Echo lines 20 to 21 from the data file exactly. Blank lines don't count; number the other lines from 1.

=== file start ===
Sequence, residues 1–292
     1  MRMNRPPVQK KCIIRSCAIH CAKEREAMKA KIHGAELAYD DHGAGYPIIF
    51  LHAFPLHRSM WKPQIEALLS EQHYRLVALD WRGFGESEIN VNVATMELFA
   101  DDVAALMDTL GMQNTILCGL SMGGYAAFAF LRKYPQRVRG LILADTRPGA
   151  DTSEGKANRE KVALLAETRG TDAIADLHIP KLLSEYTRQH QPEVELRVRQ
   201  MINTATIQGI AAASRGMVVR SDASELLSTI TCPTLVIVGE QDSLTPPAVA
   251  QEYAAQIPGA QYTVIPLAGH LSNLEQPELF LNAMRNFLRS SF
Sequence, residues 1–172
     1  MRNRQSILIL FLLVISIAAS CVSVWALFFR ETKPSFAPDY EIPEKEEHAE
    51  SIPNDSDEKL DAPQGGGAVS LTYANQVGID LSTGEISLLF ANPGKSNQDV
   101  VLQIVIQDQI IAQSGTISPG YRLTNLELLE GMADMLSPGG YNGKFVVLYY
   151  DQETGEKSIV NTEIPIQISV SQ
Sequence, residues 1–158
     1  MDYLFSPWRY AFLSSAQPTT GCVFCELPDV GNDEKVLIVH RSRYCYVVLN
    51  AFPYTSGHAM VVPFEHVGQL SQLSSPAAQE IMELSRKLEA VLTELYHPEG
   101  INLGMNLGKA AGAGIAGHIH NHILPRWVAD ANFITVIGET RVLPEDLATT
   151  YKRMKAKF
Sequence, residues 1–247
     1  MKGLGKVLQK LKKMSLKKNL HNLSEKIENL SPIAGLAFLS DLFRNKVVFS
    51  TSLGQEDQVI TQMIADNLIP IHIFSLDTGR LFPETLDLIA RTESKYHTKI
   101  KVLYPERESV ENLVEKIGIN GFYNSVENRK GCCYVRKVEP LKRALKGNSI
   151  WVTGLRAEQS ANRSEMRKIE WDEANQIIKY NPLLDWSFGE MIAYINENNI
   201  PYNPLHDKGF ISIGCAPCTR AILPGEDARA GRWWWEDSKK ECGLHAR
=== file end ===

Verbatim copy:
    51  TSLGQEDQVI TQMIADNLIP IHIFSLDTGR LFPETLDLIA RTESKYHTKI
   101  KVLYPERESV ENLVEKIGIN GFYNSVENRK GCCYVRKVEP LKRALKGNSI